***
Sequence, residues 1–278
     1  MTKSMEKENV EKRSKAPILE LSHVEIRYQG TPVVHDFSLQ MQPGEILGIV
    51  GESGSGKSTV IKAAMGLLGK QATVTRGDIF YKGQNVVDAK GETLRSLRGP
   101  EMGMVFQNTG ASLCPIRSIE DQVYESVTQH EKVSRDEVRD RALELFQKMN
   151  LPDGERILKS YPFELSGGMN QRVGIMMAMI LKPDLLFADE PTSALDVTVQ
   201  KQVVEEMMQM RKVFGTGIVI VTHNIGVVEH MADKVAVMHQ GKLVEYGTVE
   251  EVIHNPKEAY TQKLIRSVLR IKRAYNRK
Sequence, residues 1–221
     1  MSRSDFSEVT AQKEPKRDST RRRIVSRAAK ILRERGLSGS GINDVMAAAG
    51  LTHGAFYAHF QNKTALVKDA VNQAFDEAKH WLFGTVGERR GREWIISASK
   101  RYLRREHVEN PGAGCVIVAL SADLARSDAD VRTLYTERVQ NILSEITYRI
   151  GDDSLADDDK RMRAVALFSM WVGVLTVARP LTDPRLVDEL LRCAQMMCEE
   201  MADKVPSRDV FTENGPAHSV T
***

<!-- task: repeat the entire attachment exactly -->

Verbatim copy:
Sequence, residues 1–278
     1  MTKSMEKENV EKRSKAPILE LSHVEIRYQG TPVVHDFSLQ MQPGEILGIV
    51  GESGSGKSTV IKAAMGLLGK QATVTRGDIF YKGQNVVDAK GETLRSLRGP
   101  EMGMVFQNTG ASLCPIRSIE DQVYESVTQH EKVSRDEVRD RALELFQKMN
   151  LPDGERILKS YPFELSGGMN QRVGIMMAMI LKPDLLFADE PTSALDVTVQ
   201  KQVVEEMMQM RKVFGTGIVI VTHNIGVVEH MADKVAVMHQ GKLVEYGTVE
   251  EVIHNPKEAY TQKLIRSVLR IKRAYNRK
Sequence, residues 1–221
     1  MSRSDFSEVT AQKEPKRDST RRRIVSRAAK ILRERGLSGS GINDVMAAAG
    51  LTHGAFYAHF QNKTALVKDA VNQAFDEAKH WLFGTVGERR GREWIISASK
   101  RYLRREHVEN PGAGCVIVAL SADLARSDAD VRTLYTERVQ NILSEITYRI
   151  GDDSLADDDK RMRAVALFSM WVGVLTVARP LTDPRLVDEL LRCAQMMCEE
   201  MADKVPSRDV FTENGPAHSV T